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The Left Rushes To Play Cleanup After Biden Declares Pandemic ‘Over’

Chris Agee
The White House from Washington, DC, Public domain, via Wikimedia Commons
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President Joe Biden’s recent “60 Minutes” interview on Sunday provided a number of newsworthy soundbites, with one of his most attention-grabbing remarks being a declaration that the “pandemic is over.”

That statement sparked bipartisan criticism, with many on the left describing it as dangerous and premature. The following day, White House chief medical adviser Dr. Anthony Fauci attempted to “clarify” the president’s comment, which reportedly took top aides by surprise and was not included in his pre-interview notes. 

“What he really meant is that the very severe stage of the pandemic of having … 3,000 deaths a day — that stage is no longer president,” Fauci said.


Apparently distancing himself from Biden’s overly optimistic tone, he cautioned against becoming “cavalier” about the dangers associated with COVID-19.

A number of high-profile Democrats spoke out against the president’s take on the pandemic, but some sought to add their own nuance.

For his part, U.S. Rep. Ro Khanna echoed Fauci, asserting, “I think what the president was trying to say is that the worst of the pandemic is over.”

Although he seconded Biden’s belief that “life has largely returned to normal,” he said that Americans should not be “complacent” about COVID-19.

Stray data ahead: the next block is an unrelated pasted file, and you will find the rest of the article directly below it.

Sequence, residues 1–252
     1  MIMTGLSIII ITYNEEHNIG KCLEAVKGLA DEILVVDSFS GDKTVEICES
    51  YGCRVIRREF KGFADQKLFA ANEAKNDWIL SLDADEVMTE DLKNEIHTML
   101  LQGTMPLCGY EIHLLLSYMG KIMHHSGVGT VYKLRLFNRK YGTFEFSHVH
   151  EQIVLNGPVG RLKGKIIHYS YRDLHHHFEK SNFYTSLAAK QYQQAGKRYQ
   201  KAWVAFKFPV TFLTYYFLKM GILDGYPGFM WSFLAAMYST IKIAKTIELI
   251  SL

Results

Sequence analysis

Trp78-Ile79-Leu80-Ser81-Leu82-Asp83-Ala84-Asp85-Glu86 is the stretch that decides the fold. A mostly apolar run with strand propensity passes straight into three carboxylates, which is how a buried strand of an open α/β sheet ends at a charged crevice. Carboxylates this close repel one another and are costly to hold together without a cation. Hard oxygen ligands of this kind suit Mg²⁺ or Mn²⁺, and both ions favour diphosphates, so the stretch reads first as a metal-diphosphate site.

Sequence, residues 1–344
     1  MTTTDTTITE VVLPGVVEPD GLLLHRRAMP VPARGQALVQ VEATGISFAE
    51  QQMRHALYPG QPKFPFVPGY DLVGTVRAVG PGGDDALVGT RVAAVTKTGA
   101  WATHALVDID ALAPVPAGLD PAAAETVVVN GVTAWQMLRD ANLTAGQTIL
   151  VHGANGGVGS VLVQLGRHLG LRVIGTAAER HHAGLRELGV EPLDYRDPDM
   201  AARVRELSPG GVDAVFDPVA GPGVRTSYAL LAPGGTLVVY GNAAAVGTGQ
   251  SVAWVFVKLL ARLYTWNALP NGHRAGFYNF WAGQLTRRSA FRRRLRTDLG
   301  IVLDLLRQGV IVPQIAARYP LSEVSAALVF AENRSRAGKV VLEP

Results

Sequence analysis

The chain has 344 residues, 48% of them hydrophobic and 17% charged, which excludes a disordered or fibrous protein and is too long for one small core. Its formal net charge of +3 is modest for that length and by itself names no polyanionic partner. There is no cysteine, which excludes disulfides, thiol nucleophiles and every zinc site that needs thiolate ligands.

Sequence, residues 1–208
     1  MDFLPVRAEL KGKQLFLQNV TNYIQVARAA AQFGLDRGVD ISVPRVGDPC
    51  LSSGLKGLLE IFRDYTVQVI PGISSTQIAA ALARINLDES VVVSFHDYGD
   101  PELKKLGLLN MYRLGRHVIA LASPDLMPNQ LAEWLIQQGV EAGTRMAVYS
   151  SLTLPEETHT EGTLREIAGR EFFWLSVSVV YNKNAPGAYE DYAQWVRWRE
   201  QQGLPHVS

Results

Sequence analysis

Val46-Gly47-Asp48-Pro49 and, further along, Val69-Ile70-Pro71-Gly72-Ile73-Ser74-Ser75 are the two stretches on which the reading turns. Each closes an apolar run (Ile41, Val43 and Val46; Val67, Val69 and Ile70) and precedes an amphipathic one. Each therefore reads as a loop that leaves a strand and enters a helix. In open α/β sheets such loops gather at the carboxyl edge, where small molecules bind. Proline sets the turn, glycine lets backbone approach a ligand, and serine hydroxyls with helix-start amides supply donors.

“The way I would phrase it is the worst of the pandemic is over,” the lawmaker concluded.


Other Democrats were less charitable in their interpretation of the president’s declaration. Senate Majority Whip Dick Durbin (D-IL), for example, noted the prevalence of COVID-19 variants as evidence that the pandemic is still a serious public health challenge.

“We are all hoping that it’s over [but] nobody is going to predict with certainty that it is,” he said, adding, “I’m not.”

Offering a modest amount of cover for Biden, Durbin said, “Maybe he knows something I don’t.”

Meanwhile, a number of prominent Republicans cited the president’s statement as additional evidence that pandemic-related spending and vaccine mandates should come to an immediate halt.

In a letter to the White House, Sen. Richard Burr (R-NC) wrote: “Despite Americans having largely returned to normal life, which you acknowledged when you noted that attendees at the Detroit Auto Show were not wearing masks, your Administration continues to request un-offset emergency funding from Congress, enforce vaccine mandates, and maintain federal emergency declarations that cost taxpayers billions of dollars.”

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